The evening star at its very best

We’ve been lately obsessed with the Evening Star, Venus.

With good reason. After the moon, Venus is the brightest thing in the night sky. Nothing else even comes close. No wonder civilizations through the ages worshiped it. And yet, these days, most people seem unaware of our sister planet, the nearest celestial body after the moon, the Evening Star.

Venus is not always there. Sometimes it’s behind the sun. Sometimes it’s very low, hidden in twilight behind hills and trees. Then for nine months at a time it’s only visible in the pre-dawn east, a gift for early risers.

When it does appear in the evening sky, it stays for nine months, but still its visibility depends on the slant of its orbit with the horizon.  Only if it reaches its greatest elongation from the Sun in early spring, does its orbit angle almost straight up from the sunset point. And that’s what’s happening right now.

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This week, Venus has reached its greatest separation from the sun while standing high above where the sun set. These are rare perfect conditions that make Venus appear as high up as is ever possible. But on top of that, Venus is also at its most brilliant. It will easily cast shadows when viewed away from all artificial lights against a white surface.  It’s highest at nightfall, around 8:30 p.m.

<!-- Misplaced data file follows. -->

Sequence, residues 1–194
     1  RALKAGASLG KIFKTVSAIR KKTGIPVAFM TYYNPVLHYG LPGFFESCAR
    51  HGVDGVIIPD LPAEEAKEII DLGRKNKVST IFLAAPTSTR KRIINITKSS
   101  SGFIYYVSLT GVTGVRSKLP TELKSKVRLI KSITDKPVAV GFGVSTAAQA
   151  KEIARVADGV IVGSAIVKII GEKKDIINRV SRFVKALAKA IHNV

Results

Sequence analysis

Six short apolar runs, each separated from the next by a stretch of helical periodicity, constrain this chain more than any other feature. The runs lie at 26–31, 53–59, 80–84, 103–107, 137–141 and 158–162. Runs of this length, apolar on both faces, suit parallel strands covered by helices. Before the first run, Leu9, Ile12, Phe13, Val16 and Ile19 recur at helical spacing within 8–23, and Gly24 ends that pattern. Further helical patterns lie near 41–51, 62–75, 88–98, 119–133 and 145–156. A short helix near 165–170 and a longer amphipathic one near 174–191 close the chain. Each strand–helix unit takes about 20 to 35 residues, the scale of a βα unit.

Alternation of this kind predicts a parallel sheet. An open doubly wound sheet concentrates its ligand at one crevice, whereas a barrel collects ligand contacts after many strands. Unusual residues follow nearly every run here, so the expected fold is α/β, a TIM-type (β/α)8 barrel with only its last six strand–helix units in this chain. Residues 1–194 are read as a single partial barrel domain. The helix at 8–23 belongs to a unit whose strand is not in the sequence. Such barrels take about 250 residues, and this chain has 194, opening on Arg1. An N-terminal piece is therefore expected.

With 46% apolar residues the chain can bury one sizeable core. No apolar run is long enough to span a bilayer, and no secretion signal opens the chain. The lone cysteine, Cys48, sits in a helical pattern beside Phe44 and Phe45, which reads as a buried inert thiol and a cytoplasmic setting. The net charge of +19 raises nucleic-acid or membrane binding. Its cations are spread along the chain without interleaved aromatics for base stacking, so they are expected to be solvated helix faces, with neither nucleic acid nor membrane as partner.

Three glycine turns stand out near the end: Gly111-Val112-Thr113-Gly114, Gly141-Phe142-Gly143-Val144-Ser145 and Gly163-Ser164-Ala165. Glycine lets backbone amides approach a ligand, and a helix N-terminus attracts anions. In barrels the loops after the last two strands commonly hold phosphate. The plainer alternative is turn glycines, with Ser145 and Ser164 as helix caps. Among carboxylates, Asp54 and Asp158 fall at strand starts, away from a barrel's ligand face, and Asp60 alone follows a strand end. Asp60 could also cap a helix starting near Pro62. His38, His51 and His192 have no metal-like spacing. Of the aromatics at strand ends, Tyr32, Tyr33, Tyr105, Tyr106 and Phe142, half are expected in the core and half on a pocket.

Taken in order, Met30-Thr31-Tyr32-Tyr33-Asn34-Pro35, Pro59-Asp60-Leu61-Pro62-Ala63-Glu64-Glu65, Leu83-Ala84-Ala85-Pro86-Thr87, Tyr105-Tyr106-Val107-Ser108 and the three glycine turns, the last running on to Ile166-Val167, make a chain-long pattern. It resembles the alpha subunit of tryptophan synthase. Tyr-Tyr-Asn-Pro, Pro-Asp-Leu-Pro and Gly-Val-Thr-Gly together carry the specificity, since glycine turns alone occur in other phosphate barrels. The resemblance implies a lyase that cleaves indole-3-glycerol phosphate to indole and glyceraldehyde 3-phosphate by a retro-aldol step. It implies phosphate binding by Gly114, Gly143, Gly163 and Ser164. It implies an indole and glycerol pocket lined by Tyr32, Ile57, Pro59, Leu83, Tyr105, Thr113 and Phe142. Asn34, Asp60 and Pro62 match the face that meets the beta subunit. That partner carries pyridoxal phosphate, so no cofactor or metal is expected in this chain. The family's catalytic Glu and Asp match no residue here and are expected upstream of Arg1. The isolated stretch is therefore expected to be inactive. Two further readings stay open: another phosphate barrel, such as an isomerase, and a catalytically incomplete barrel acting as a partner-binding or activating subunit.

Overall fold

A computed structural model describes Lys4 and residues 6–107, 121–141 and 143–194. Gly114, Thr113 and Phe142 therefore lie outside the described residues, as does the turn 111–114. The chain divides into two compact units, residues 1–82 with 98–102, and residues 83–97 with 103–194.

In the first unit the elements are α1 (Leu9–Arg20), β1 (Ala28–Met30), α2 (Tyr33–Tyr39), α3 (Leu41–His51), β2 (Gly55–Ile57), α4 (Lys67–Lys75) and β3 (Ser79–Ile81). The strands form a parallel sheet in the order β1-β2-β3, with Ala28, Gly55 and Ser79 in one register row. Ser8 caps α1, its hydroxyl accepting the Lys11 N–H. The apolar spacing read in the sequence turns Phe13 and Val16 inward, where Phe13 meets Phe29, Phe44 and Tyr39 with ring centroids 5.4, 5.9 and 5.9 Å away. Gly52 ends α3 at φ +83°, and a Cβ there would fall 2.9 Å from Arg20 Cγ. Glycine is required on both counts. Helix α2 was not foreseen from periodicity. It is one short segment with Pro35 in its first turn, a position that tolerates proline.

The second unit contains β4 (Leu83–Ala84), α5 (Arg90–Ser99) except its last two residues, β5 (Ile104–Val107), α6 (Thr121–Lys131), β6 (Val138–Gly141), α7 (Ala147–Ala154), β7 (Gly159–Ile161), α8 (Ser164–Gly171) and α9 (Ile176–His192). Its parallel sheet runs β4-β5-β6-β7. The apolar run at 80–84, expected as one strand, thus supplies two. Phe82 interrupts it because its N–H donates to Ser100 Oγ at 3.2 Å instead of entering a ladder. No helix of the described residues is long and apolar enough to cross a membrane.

But we must savor it. Soon, in May, Venus will plunge lower and lower each evening, and then pass in front of the sun. And its wonderful evening sky apparition will be over.

Next year, Venus will be low and awful. However, since Venus orbits the sun 13 times in the same interval that earth makes eight circuits, this exact current apparition will repeat in 2028, almost to the day. But why start planning ahead?  Right now we have Venus in our grasp.

It’s the most spectacular presentation of the evening star we can ever see.